R. Scott Phillips, executive director of the Utah Shakespeare Festival, was recently named as the 2016 recipient of the prestigious Mark R. Sumner Award, granted yearly by the Institute of Outdoor Drama (IOD). The award will be presented at the National Conference on Outdoor Drama October 21 and 22 in Chillicothe, Ohio.                                      

According to the IOD, “the award recognizes significant contributions by an individual to a specific drama, or to the outdoor drama movement as a whole, including but not limited to playwriting, directing, acting, design, theater architecture, patronage, scholarship, musical composition, technology and innovation, producing and administration.”                      

A list of some of the previous awardees reads like the “Who’s Who of American Theatre”: Bill Patton, executive director of the Oregon Shakespeare Festival; Tina Packer, founder of Shakespeare and Company in Massachusetts; and Josef Meier, founder of the Black Hills Passion Play in South Dakota; and many others.

The award is named for the late Mark R. Sumner who was instrumental in writing and creating many of the successful historical dramas that eventually formed to create a national organization to promote and support the nearly 100 outdoor dramas in existence today. According to its website, the IOD is “dedicated to the intrepid devotees of theatre who have gathered under the open sky for story, dance and song since the dawn of history.”

Phillips was instrumental in drastically expeanding the membership of the IOD by bringing many of America’s Shakespeare festivals into the organization.

He is also one of the founders of the highly effective Shakespeare Theatre Association (STA), an organization that now boasts 120 member theatres, including the London Globe, the Stratford (Ontario, Canada) Festival, the National Festival of Prague in the Czech Republic, and the New Zealand Festival of Shakespeare—along with festivals in Saudi Arabia, Poland, Egypt, and every state in the United States.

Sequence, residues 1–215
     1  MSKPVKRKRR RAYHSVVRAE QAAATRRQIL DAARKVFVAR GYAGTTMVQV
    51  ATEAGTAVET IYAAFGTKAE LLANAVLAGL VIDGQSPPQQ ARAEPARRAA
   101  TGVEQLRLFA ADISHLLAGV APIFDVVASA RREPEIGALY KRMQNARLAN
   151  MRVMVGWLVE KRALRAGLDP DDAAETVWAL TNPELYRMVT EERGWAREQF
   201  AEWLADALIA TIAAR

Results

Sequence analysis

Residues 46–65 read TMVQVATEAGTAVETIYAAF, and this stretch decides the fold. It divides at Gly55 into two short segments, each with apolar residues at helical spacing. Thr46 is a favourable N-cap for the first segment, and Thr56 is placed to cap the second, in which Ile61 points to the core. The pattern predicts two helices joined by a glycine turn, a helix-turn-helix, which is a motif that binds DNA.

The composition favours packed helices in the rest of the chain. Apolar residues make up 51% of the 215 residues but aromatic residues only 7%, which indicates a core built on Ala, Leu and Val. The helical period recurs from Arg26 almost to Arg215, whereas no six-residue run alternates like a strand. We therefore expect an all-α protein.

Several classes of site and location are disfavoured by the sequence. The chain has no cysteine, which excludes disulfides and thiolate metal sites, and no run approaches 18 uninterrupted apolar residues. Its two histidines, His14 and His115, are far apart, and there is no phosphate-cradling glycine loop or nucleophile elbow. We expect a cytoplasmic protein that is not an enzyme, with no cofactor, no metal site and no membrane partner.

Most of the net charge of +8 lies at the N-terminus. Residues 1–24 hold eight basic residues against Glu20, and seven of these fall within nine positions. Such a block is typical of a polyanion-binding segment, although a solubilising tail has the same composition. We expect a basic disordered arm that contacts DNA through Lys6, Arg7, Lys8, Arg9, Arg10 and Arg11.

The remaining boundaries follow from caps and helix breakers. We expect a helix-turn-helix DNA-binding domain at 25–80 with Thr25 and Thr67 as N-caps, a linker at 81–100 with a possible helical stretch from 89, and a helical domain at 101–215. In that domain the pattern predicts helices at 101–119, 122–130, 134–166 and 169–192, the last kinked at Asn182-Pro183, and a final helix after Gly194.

Phillips recently announced his intent to retire in March, after more than 40 years at the Utah Shakespeare Festival. He joined the Festival in 1977 as its first full-time employee. During his tenure, Phillips held positions of director of marketing and public relations (1977-1990), managing director (1990-2006), interim Festival director (2006-2007), and executive director (2007-2017). In his early years at the Festival, Phillips’ primary responsibility was to increase the numbers of Festival attendees. Audience size grew from 19,000 to 113,000 per season during his time as director of marketing.

As executive director, Phillips has been responsible for articulating and implementing the Festival’s values, vision and mission, as well as protecting its artistic image. Phillips contributed to some of the most important milestones for the Utah Shakespeare Festival, including the 1989 construction of the Randall L. Jones Theatre, wherein he worked on all aspects from fundraising, to design, to construction; the naming of the Festival as the 2000 Tony Award-winner for Outstanding Regional Theatre; and the 2016 completion of the $39 million Beverley Taylor Sorenson Center for the Arts, including the Engelstad Shakespeare Theatre, Eileen and Allen Anes Studio Theatre, Greenshow stage, seminar grove, and production spaces.

In addition to the positions held at the Utah Shakespeare Festival, Phillips has served many other organizations in Utah, the mountain west region, and nationally. He was the co-founder (1991) and past president, (1998-99) of the Shakespeare Theatre Association; past president, Rocky Mountain Theatre Association; current theatre panelist, National Endowment for the Arts, Washington, D.C.; regional adjudicator, Rocky Mountain Theatre Association, American College Theatre Festival, and University Resident Theatre Association; theatre consultant for the Institute of Outdoor Drama, Chapel Hill, North Carolina; member, board of advisors, New West Theatre, Las Vegas, Nevada; board of directors, Utah Arts Council, Salt Lake City, Utah; charter board member, South West Arts Network; past board member, Cedar City Area Chamber of Commerce and Cedar City Arts Council; past chair of Cedar City Chamber of Commerce Tourism Committee; and director of over 55 university and professional theatre productions, including the 1989 world premiere production of Nothing Like the Sun.

Phillips is a recipient of the Lifetime Achievement Award from the Utah Theatre Association in 2001 and the Southern Utah University Outstanding Staff Member in 1990. He received his bachelor’s degree from Southern Utah University in 1975 and pursued graduate studies in theatre administration at Idaho State University.